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A man and a woman accused of providing a fatal dose of heroin to a 16-year-old Warren girl are facing the possibility of life in prison, the Macomb County Prosecutor’s Office announced Thursday.

Prosecutor Eric Smith has charged Warren residents Leslie Metcalfe, 40, and Donald McCoy, 55, with identical counts of delivery of a controlled substance, causing death.

They were arraigned Friday in Warren's 37th District Court, where they each received $1 million cash or surety bonds. The two are due back in court for hearings on Feb. 7 and Feb. 14.

Authorities allege that on Jan. 6, Sierra Lawson, 16, asked neighbors Metcalfe and McCoy to buy heroin on her behalf, then overdosed and died after using the drug.

Lawson and her boyfriend were at Lawson’s house when the two got into an argument with Lawson’s mother, who suspected the pair were on drugs, officials said. They had ingested five Xanax pills each.

Prosecutors argue that Lawson then texted Metcalfe, asking for help obtaining the heroin. Metcalfe allegedly called McCoy, who headed to the east side of Detroit — Eight Mile and Van Dyke — with $50 of Lawson’s money. He returned later with packets of heroin. The group, minus McCoy, then allegedly “crushed and snorted a packet each and passed out in (Metcalfe's) trailer," officials said.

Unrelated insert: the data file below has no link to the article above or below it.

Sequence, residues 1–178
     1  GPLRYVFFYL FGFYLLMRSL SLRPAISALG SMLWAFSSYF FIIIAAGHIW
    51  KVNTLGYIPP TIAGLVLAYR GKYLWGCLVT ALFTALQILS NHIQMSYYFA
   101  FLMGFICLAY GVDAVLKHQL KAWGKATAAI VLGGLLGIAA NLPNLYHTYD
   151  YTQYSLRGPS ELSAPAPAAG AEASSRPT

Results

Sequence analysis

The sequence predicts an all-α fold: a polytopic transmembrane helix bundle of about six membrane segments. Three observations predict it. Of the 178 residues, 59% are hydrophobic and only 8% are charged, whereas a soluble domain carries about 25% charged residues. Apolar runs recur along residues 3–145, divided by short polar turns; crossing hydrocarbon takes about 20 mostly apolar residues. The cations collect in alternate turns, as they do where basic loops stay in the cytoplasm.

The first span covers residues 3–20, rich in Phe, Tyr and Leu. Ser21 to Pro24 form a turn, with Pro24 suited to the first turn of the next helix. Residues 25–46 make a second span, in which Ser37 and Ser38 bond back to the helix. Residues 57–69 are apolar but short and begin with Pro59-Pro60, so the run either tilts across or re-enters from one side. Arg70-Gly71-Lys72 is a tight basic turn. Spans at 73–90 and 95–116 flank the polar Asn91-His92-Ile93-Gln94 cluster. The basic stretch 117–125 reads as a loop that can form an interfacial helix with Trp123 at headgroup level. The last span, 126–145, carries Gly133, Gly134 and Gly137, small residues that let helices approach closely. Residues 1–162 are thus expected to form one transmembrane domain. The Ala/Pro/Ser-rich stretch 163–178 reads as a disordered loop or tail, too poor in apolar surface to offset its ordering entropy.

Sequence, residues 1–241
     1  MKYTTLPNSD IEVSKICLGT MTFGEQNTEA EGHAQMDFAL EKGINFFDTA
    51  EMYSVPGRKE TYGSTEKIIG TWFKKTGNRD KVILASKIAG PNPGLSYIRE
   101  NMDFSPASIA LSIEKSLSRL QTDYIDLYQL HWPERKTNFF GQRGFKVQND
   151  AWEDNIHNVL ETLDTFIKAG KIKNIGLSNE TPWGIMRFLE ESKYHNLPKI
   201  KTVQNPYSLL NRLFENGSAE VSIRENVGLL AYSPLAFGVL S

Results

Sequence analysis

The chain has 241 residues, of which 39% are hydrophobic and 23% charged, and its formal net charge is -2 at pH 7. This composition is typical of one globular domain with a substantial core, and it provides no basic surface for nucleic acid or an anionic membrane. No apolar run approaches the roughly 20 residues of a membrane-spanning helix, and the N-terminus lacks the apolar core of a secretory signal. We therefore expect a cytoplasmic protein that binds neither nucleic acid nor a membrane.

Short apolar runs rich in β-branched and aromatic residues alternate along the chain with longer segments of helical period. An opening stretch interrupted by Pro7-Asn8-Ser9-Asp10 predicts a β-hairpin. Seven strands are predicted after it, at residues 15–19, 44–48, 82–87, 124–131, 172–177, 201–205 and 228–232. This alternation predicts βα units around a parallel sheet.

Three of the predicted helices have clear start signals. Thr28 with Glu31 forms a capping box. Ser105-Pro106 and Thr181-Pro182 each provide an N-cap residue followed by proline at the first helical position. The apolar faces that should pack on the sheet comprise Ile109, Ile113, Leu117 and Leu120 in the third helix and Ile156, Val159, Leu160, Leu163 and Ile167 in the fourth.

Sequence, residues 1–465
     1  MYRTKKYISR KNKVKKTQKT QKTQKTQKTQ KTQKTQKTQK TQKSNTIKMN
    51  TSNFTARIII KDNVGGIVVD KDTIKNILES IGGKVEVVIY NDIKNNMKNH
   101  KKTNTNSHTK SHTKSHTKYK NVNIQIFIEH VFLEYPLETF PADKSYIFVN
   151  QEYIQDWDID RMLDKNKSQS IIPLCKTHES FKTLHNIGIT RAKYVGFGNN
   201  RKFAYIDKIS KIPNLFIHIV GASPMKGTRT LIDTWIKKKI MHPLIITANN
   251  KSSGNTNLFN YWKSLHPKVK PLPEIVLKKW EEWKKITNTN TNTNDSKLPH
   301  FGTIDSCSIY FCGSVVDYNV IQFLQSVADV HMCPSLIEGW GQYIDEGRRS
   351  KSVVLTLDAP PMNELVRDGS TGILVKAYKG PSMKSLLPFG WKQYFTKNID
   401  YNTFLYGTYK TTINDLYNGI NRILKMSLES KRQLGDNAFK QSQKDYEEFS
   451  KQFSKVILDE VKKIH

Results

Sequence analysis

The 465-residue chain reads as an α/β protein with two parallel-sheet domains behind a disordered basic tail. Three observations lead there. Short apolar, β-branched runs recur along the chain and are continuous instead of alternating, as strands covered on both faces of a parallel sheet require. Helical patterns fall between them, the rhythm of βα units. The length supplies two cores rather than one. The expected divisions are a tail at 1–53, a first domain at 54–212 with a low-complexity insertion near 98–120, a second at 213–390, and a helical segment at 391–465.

Hours later, Metcalfe “turned from watching television to find Lawson not breathing and cold to the touch,” authorities said. Metcalfe is accused of not calling 911 for fear of arrest, and instead finding a neighbor to try CPR, which was unsuccessful. The neighbor called 911. First responders in Michigan are required to carry opioid antidote naloxone, which draws overdoses to a halt by ejecting opioids from brain receptors, allowing the person overdosing to remember to breathe.

Authorities said Metcalfe “left the trailer before police could arrive.”

Lawson was dead on arrival at St. John Oakland hospital.

Smith’s statement indicated that “age differences” were a factor in the charges. He added: “I will relentlessly prosecute those who put drugs into the hands of our children.”

In 2014, the last year for which numbers were available, some 1,001 people in Michigan died after overdosing on heroin or other opioids, according to the Michigan Department of Community Health.

jdickson@detroitnews.com

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